‘I am very pleased with the prompt treatment, removal and monitoring that is taking place in the area [where the alligator weed plants were found]. This is one of my favourite stretches of the Werribee River and I am grateful that Agriculture Victoria took care of it so quickly,’ Anand said.

This is the first time that alligator weed has been found in the Werribee River, so Anand’s find was very significant to the eradication of this species from Victoria.

Anand has been a Weed Spotter since she attended Weed Spotter training back in August 2013. She has been keeping an eye out for State prohibited weeds since then and was thrilled to be able to help the program by reporting a State prohibited weed.

Anand is originally from the southwest of the USA. She came to Australia to study environmental science with the intention of returning after completing her degree, but she fell in love with the Australian bush. She manages the western depot for WES where she has the Weed Spotters calendar up for the crews to see, and emphasises the importance of flora identification with her staff. She plans to continue looking for State prohibited weeds including alligator weed during the team’s field work.

For more information about alligator weed please visit the Agriculture Victoria website. If you see alligator weed anywhere in Victoria, including for sale online, please report it to 136 186, or

Canny canines on the hunt for hawkweed

Every summer, teams of people scour Victoria’s high country searching for the State prohibited weed hawkweed, and earlier this year Agriculture Victoria recruited some detection experts to follow their noses straight to the source.

Image right (taken prior to covid 19 restrictions): One of the detector dogs working in the field with Parks Victoria staff.

One of the detector dogs working in the field with Parks Victoria staff.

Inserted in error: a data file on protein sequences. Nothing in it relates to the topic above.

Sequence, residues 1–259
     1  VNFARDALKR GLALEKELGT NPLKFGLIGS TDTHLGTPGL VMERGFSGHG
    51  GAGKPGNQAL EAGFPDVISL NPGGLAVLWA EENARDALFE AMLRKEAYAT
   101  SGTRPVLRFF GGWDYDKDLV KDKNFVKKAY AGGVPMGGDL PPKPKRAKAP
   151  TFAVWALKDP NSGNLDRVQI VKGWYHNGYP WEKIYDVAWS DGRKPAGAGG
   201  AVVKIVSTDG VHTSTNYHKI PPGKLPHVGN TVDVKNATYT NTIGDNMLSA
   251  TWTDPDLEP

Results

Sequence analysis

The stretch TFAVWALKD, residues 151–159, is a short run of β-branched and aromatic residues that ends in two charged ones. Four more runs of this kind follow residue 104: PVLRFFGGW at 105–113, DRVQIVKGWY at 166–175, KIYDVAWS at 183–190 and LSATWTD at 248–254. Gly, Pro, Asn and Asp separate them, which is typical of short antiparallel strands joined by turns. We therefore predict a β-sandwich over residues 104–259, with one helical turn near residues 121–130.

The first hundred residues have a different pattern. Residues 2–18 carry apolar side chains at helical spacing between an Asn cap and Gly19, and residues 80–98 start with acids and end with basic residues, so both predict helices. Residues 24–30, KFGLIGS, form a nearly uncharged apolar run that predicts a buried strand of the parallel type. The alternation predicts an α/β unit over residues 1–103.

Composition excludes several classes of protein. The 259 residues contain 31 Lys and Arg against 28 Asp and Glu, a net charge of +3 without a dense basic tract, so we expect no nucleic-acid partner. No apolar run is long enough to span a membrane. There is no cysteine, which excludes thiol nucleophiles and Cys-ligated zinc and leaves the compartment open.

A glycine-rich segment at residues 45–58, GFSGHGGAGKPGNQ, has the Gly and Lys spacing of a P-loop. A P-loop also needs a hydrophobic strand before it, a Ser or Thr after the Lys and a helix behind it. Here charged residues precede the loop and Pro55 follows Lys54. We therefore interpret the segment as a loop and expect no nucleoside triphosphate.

Detector dogs Connor (English springer spaniel) and Sally (cocker spaniel) are skilled in detecting hawkweed and during the summer months they teamed up with Agriculture Victoria and Parks Victoria staff at Falls Creek to hunt for the weed.

The dogs were on loan from New South Wales National Parks and Wildlife Service, who trained them following a successful ‘proof of concept’ trial run by Agriculture Victoria in 2015, that showed that dogs could detect hawkweed and distinguish it from other species. The dog’s speciality is finding hawkweed plants that are hidden from view under other plants, so are not easily seen. Their skills were harnessed to flush out new hawkweed sites and potential spreading on the Bogong High Plains.

Hawkweed can be difficult to detect, especially in the steep terrain and dense vegetation of the Alpine National Park. The species is native to the northern hemisphere and create significant problems, especially at high altitudes, as they out compete native plants and replace natural ecosystems. Hawkweed can cause significant harm in Victoria's high country by restricting the growth of neighbouring native plants through the formation of a dense smothering mat.
It was great to once again use detector dogs Sally and Connor in the annual Victorian hawkweed eradication program.

If you see or have any hawkweed, or any other State prohibited weed, please report it to the Agriculture Victoria Customer Contact Centre on 136 186 or email To find out more about hawkweed, visit the Agriculture Victoria website.

Salvinia seized in New South Wales
The salvinia plants found for sale online during routine surveillance.

An Agriculture Victoria Biosecurity Officer recently detected the State prohibited weed (SPW) salvinia for sale online during routine surveillance of online trading platforms. The salvinia plants were in NSW, so Agriculture Victoria immediately reported it to the NSW biosecurity authorities, who were not previously aware of the plants.

Image left: The salvinia plants found for sale online during routine surveillance.

They promptly instigated compliance activities, which resulted in the seizure of the plants on the very same day as the detection!

Early detection and rapid response are key elements of all pest eradication programs. This is even more important when trade is involved as there is the potential for plants to quickly spread over very large distances, including across state borders. Agriculture Victoria collaborates with other State and Territory authorities to combat illegal online trade of SPWs.

The early detection and remarkably fast response on this successful operation is an excellent example of interstate collaboration in tackling biosecurity threats. Intercepting the sale of these salvinia plants avoided the potential economic and environmental impact posed by this highly invasive weed, not only to NSW, but to Victoria and the whole of Australia. Salvinia is a very difficult weed to manage due to its ability to grow rapidly and spread quickly.

Weed Spotters play an essential role in reporting all State prohibited weeds that they find. If you see salvinia or any other State prohibited weed, including for sale online, please report it to 136 186, or

For more information about the illegal online trade of noxious weeds please visit the Agriculture Victoria website.